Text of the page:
Are TOV guidelines really dead? Or could there be another use for them?
I’ve spent quite a bit of my career creating tone of voice guidelines. And I don’t think anybody’s ever read them. I mean really read them.
Guidelines are boring! I mean, when was the last time you devoured some like you would the latest Reacher?
And they’re not just boring. They’re impractical. There’s no way even the most seasoned copywriter can remember all those writing rules. It’s just not how people work.
So, it’s time we all admitted the truth: you can’t programme a human.
What do we do instead?
We’ve always told our clients that the guidelines are the start of the journey, not the end. You can’t expect people to read them and just get it.
But you can expect exactly that from AI.
It turns out the guidelines we’ve been creating aren’t useless after all. They’re really effective AI prompts.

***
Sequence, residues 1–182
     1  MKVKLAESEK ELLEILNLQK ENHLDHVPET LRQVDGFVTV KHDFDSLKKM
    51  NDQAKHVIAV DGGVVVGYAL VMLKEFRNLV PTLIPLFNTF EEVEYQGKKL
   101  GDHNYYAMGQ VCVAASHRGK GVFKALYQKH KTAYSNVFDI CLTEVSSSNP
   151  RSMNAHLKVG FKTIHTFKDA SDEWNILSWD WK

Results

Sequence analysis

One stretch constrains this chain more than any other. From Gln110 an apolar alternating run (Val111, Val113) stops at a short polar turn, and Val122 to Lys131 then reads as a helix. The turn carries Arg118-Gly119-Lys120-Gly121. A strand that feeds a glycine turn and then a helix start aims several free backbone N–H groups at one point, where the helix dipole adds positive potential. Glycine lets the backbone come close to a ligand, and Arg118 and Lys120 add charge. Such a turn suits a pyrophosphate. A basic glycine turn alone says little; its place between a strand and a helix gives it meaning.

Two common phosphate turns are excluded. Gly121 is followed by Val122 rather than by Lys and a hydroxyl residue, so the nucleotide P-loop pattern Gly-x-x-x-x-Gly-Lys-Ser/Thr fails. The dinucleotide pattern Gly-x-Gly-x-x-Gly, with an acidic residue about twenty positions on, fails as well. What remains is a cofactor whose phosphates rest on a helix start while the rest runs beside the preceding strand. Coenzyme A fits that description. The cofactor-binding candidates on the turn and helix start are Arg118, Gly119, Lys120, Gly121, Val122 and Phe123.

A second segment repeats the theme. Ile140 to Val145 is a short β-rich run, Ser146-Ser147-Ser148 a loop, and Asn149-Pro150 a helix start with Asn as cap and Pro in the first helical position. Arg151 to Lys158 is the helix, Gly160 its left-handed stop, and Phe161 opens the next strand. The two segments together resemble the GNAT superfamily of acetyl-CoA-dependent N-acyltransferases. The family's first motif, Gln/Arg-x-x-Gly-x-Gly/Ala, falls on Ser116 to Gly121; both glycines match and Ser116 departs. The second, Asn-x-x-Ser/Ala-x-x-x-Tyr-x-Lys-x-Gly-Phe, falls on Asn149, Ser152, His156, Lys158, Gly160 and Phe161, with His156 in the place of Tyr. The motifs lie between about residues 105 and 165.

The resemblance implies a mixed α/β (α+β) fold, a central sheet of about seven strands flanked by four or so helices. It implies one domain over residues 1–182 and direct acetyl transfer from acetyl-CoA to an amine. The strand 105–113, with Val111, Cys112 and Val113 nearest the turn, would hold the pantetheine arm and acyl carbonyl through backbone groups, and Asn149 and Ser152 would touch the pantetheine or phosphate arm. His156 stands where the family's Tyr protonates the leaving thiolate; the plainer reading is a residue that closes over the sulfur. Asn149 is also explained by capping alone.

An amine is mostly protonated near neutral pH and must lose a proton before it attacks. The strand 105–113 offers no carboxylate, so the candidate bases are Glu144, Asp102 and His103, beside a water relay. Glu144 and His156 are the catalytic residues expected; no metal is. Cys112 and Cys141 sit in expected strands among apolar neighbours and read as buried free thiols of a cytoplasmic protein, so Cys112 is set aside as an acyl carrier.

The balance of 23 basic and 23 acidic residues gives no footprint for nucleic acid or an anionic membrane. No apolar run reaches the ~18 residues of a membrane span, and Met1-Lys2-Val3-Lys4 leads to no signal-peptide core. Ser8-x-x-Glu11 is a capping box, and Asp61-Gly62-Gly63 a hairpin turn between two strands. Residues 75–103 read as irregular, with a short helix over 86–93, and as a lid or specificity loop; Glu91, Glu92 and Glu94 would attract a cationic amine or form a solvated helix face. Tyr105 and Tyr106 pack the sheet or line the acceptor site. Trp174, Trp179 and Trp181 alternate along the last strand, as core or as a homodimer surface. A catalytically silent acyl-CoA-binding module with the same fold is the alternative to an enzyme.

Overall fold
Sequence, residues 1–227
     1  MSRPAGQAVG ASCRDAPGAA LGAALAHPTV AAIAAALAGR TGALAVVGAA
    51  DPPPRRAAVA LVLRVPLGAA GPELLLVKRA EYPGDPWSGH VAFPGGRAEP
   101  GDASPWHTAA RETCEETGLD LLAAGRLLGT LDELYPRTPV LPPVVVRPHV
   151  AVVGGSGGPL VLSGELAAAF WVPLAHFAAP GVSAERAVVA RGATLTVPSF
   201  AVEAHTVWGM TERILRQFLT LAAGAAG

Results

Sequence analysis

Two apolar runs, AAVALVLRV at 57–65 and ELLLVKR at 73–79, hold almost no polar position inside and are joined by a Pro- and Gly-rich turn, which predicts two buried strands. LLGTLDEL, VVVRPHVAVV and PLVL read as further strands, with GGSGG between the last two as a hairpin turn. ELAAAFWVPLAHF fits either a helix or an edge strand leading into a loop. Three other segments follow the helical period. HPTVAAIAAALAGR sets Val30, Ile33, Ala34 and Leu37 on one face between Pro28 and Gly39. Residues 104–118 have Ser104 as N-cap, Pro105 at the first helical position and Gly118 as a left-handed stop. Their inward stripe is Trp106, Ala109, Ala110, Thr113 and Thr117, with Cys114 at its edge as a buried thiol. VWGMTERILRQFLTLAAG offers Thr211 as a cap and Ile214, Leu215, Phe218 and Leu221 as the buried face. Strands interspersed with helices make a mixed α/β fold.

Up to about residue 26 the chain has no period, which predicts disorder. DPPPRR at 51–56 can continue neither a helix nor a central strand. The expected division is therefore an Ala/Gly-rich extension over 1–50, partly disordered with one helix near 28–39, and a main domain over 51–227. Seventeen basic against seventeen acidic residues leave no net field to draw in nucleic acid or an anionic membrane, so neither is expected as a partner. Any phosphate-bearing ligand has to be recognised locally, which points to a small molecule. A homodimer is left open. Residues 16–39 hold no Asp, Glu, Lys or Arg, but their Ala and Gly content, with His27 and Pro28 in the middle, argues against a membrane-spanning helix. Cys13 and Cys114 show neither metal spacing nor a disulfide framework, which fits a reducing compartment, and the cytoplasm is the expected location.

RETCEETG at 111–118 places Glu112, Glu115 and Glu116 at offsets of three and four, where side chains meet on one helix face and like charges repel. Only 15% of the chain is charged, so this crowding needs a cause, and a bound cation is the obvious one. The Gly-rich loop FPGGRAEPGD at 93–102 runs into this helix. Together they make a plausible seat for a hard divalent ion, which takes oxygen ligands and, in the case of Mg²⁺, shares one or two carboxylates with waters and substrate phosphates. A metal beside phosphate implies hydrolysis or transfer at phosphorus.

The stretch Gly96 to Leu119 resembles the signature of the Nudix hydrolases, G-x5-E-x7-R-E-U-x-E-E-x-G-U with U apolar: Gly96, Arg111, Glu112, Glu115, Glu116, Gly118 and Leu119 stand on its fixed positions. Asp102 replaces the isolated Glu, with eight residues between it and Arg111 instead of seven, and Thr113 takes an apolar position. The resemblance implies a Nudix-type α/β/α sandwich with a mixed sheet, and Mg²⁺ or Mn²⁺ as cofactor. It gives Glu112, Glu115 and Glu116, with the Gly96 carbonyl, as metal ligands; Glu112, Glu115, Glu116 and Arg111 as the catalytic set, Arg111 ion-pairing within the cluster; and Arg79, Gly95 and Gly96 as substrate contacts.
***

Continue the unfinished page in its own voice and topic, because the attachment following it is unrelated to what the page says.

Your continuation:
They cover the big picture stuff, like the overall personality of a brand; the detailed stuff, like exactly how many words to limit sentences to, or which sorts of words the brand prefers and which it doesn’t; and they include loads of before-and-after examples that show the tone of voice in action.
With a bit of tweaking from someone clever like our AI Director Luke, you can use the guidelines to get AI writing copy that’s consistently on-tone. (Then have humans add the finishing touch.)
And it’s not just about tone of voice. We create guidelines on all sorts of things, like brand, design, social, style (as in: do we say 4th January or 4 January, and so on), diversity and inclusion… even product naming.
These days, when we’re writing these guidelines, we can go into so much more detail, add so much more nuance, because we don’t have to worry about overburdening (or, more likely, boring) sensitive human minds.
So, are guidelines dead? Nope, quite the opposite. It’s like we’ve been producing cans and now here, at long last, is a can opener.
Guidelines aren’t dead. AI’s given them a reason to live.